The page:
[[Category:SDK]]</noinclude>

<noinclude>

==Article purpose==
The pieces of software delivered as source code within the OpenSTLinux Developer Package (for example the Linux kernel) can be modified. External out-of-tree Linux kernel modules, and pieces of applicative software (for example Linux applications) can also be developed thanks to this Developer Package, and loaded onto the board.

The build of all these pieces of software by means of the [[SDK for OpenSTLinux distribution]], and the deployment on-target of the resulting images is explained below.
{{Warning|To use the cross-compilation efficiently with the OpenSTLinux SDK, it is recommended that you read the Developer Package article relative to the Series of your STM32 microprocessor: [[:Category:Developer Package]]}}
</noinclude>

===Modifying the Linux kernel===
Prerequisites:
* the [[STM32MP1 Developer Package#Installing the SDK|SDK is installed]] 
* the [[STM32MP1 Developer Package#Starting up the SDK|SDK is started up]]
* the [[STM32MP1 Developer Package#Installing the Linux kernel|Linux kernel is installed]]

{{highlight|'''The ''<Linux kernel installation directory>/README.HOW_TO.txt'' helper file gives the commands to:'''}} <br>
<span style="font-size:21px"></span> configure the Linux kernel <br>
<span style="font-size:21px"></span> cross-compile the Linux kernel <br>
<span style="font-size:21px"></span> deploy the Linux kernel (that is, update the software on board) <br>


You can refer to the following simple examples:
* [[How to cross-compile with the Developer Package#Modifying the Linux kernel configuration|Modification of the kernel configuration]] 
* [[How to cross-compile with the Developer Package#Modifying the Linux kernel device tree|Modification of the device tree]]
* [[How to cross-compile with the Developer Package#Modifying a built-in Linux kernel device driver|Modification of a built-in device driver]]
* [[How to cross-compile with the Developer Package#Modifying an external in-tree Linux kernel module|Modification of an external in-tree module]]

===Adding external out-of-tree Linux kernel modules===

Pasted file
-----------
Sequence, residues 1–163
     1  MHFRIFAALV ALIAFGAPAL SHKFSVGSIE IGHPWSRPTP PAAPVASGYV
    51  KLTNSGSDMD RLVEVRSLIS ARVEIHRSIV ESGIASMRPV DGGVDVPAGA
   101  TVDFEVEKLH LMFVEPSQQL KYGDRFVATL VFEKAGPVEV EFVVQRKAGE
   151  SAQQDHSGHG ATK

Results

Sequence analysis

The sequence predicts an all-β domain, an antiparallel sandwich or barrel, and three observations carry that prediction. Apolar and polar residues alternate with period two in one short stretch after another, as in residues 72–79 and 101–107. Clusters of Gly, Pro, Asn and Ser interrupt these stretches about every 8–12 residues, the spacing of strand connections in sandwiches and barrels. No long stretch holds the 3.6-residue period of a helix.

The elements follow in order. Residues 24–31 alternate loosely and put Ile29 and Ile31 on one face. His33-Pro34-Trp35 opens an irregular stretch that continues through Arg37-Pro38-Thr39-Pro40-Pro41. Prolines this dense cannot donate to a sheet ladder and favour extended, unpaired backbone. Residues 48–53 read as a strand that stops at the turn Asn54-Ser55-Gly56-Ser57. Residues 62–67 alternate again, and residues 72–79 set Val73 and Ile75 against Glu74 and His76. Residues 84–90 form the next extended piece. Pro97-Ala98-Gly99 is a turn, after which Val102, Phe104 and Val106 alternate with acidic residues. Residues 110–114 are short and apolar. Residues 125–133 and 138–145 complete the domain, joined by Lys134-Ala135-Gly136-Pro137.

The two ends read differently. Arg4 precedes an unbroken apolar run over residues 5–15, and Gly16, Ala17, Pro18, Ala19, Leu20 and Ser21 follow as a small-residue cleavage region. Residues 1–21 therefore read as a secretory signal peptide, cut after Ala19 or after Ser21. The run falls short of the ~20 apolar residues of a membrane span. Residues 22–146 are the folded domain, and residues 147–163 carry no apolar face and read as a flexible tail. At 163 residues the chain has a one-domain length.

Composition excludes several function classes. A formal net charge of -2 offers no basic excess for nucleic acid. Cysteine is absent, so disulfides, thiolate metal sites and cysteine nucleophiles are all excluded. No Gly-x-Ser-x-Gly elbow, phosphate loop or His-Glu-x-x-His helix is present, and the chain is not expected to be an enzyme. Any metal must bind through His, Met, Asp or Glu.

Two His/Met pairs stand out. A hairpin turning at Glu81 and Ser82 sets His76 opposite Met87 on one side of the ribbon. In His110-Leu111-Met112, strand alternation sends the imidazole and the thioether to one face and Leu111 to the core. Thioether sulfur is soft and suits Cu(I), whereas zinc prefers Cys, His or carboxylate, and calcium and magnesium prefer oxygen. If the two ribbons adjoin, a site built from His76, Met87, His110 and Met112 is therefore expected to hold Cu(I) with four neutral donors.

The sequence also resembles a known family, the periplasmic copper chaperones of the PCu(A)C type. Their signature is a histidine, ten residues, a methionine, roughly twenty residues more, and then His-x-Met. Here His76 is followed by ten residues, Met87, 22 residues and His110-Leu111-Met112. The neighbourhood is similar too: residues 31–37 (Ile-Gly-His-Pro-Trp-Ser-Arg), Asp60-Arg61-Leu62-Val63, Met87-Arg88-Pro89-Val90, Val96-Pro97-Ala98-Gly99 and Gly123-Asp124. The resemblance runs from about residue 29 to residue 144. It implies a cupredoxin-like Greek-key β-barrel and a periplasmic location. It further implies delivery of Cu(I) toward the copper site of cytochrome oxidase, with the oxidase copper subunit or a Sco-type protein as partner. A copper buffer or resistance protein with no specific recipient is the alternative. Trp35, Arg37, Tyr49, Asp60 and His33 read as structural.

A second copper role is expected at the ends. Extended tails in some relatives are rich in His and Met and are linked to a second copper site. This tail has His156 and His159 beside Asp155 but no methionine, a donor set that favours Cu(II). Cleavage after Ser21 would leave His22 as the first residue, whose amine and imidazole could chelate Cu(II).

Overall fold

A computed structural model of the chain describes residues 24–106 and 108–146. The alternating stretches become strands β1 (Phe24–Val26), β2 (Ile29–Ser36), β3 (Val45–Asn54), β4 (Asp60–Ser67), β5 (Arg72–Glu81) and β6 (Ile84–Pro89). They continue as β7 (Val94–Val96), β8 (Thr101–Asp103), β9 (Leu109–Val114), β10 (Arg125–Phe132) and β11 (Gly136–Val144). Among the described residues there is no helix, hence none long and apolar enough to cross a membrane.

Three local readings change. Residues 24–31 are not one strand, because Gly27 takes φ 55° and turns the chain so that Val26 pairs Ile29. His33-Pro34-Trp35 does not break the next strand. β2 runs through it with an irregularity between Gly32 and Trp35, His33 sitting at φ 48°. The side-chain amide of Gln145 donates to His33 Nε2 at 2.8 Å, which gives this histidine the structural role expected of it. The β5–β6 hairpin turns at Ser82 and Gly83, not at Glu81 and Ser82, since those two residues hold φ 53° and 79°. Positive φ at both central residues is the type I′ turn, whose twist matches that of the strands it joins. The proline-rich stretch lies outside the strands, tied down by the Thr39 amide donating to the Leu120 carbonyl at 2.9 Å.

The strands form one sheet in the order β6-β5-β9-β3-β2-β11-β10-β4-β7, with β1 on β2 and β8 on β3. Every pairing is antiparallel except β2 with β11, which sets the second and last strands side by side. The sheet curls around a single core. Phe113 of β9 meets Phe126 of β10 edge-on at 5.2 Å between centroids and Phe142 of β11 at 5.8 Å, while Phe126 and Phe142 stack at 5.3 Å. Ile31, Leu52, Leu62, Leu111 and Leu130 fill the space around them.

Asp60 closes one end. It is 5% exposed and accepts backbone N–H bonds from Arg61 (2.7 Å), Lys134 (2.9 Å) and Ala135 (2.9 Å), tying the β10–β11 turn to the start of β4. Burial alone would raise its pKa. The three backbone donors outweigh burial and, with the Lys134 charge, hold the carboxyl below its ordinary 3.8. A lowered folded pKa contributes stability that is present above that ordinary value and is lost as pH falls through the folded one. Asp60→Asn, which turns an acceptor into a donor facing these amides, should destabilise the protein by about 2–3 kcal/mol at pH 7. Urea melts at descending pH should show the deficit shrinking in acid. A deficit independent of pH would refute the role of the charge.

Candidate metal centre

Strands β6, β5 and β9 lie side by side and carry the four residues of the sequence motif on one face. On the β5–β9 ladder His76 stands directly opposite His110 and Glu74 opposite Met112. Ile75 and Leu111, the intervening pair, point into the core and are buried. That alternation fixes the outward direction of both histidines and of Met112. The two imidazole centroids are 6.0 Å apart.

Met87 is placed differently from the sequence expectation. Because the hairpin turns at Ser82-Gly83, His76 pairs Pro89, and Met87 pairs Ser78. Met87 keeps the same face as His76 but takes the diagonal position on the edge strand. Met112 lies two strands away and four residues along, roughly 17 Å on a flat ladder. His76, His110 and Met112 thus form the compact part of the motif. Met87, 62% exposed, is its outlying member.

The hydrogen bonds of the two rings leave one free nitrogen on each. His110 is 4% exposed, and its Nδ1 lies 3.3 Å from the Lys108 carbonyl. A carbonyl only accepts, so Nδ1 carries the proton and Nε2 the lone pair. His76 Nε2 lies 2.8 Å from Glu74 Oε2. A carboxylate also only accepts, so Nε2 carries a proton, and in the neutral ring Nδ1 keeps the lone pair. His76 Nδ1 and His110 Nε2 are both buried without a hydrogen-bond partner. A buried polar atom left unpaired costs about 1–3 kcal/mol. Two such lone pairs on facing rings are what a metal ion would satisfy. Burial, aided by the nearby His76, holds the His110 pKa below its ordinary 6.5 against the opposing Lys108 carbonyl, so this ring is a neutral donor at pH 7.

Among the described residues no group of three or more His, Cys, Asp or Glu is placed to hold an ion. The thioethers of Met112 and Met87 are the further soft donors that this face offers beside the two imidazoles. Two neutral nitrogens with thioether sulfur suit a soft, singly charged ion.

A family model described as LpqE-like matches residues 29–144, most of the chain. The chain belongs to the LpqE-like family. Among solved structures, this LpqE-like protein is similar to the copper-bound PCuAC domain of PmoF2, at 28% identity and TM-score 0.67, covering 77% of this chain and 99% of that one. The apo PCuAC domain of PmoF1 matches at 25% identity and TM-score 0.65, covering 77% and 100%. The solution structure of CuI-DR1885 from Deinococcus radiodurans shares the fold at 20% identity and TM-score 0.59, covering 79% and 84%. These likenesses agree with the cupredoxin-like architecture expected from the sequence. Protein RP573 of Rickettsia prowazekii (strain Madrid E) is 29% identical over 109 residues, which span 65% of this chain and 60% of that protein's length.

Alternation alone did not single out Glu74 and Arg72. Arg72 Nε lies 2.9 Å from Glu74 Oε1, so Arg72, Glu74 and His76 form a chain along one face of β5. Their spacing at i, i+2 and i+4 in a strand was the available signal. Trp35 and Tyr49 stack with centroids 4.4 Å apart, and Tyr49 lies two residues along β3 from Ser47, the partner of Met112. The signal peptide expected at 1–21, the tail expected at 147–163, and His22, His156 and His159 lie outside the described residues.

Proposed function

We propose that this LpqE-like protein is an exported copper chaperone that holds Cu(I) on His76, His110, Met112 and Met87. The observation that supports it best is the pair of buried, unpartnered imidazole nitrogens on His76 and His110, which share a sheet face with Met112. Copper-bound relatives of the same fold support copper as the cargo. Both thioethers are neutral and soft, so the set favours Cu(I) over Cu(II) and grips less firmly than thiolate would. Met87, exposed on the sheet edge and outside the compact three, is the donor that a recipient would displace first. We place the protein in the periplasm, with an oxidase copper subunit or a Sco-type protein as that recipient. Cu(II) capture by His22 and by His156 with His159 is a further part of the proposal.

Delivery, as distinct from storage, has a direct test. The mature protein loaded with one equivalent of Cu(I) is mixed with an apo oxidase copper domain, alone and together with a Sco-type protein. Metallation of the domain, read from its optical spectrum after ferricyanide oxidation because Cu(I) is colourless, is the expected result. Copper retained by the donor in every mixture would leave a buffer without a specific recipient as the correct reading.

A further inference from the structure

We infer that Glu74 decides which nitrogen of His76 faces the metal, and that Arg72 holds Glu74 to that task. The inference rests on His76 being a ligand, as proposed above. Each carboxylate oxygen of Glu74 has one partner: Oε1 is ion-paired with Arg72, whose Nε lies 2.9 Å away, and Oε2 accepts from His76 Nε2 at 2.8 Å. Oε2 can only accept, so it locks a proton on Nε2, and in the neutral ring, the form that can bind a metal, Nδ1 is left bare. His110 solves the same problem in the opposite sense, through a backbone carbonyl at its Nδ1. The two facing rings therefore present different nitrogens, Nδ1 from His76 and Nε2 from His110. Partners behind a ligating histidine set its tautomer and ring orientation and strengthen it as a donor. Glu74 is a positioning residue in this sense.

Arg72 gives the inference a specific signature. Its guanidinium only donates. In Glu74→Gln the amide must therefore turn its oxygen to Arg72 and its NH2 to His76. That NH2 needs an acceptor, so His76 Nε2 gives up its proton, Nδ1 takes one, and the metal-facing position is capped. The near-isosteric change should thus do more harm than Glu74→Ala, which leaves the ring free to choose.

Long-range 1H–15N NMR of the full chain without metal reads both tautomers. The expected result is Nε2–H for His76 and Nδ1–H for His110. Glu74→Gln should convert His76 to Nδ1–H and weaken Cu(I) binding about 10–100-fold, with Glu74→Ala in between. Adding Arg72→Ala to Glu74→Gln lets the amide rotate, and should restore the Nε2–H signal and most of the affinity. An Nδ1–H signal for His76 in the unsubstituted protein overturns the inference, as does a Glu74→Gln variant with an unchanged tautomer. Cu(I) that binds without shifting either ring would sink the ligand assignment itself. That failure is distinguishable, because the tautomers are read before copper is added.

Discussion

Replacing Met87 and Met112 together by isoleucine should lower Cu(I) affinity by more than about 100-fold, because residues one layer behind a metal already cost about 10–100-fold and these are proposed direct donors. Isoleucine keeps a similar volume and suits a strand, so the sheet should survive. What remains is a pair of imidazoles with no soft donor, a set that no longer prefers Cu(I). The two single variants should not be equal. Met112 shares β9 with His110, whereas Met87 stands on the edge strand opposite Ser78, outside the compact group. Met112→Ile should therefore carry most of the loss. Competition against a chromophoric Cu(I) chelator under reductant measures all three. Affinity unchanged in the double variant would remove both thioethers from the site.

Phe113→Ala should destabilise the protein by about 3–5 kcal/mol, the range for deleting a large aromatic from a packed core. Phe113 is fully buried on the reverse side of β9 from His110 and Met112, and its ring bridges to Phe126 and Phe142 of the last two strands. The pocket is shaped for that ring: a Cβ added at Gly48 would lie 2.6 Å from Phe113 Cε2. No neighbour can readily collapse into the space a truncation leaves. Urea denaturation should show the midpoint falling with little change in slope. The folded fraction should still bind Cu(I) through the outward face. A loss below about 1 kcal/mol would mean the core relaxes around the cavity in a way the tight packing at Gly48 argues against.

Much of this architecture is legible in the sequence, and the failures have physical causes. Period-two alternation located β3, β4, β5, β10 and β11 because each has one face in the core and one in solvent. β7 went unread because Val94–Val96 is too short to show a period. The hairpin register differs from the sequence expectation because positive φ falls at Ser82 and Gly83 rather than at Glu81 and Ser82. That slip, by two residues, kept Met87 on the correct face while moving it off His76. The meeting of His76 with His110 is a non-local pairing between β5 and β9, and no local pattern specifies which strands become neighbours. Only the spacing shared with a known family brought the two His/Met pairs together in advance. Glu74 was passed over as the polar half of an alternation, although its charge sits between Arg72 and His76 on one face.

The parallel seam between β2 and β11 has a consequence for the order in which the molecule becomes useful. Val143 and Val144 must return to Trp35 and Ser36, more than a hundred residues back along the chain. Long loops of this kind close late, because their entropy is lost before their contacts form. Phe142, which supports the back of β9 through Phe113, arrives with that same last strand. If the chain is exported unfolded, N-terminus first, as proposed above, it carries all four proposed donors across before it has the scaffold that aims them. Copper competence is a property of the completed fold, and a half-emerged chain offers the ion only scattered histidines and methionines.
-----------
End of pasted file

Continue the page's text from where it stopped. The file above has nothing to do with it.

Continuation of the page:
Prerequisites:
* the [[STM32MP1 Developer Package#Installing the SDK|SDK is installed]]
* the [[STM32MP1 Developer Package#Starting up the SDK|SDK is started up]]
* the [[STM32MP1 Developer Package#Installing the Linux kernel|Linux kernel is installed]]

Most device drivers (or modules) in the Linux kernel can be compiled either into the kernel itself (built-in, or internal module) or as Loadable Kernel Modules (LKMs, or external modules) that need to be placed in the root file system under the /lib/modules directory. An external module can be in-tree (in the kernel tree structure), or out-of-tree (outside the kernel tree structure).

External Linux kernel modules are compiled taking reference to a Linux kernel source tree and a Linux kernel configuration file (''.config''). <br>

Thus, a makefile for an external Linux kernel module points to the Linux kernel directory that contains the source code and the configuration file, with the '''"-C <Linux kernel path>"''' option. <br>

This makefile also points to the directory that contains the source file(s) of the Linux kernel module to compile, with the '''"M=<Linux kernel module path>"''' option. <br>


A generic makefile for an external out-of-tree Linux kernel module looks like the following:<pre>

# Makefile for external out-of-tree Linux kernel module

# Object file(s) to be built
obj-m := <module source file(s)>.o

# Path to the directory that contains the Linux kernel source code
# and the configuration file (.config)
KERNEL_DIR ?= <Linux kernel path>


# Path to the directory that contains the generated objects
DESTDIR ?= <Linux kernel installation directory>


# Path to the directory that contains the source file(s) to compile
PWD := $(shell pwd) 

default:
	$(MAKE) -C $(KERNEL_DIR) M=$(PWD) modules

install:
	$(MAKE) -C $(KERNEL_DIR) M=$(PWD) INSTALL_MOD_PATH=$(DESTDIR) modules_install

clean:  
	$(MAKE) -C $(KERNEL_DIR) M=$(PWD) clean</pre>


Such module is then cross-compiled with the following commands:
 $ make clean
 $ make
 $ make install

You can refer to the following simple example:
* [[How to cross-compile with the Developer Package#Adding an external out-of-tree Linux kernel module|Addition of an external out-of-tree module]]

===Adding Linux user space applications===
Prerequisites:
* the [[STM32MP1 Developer Package#Installing the SDK|SDK is installed]] 
* the [[STM32MP1 Developer Package#Starting up the SDK|SDK is started up]]

Once a suitable cross-toolchain (OpenSTLinux SDK) is installed, it is easy to develop a project outside of the OpenEmbedded build system. <br>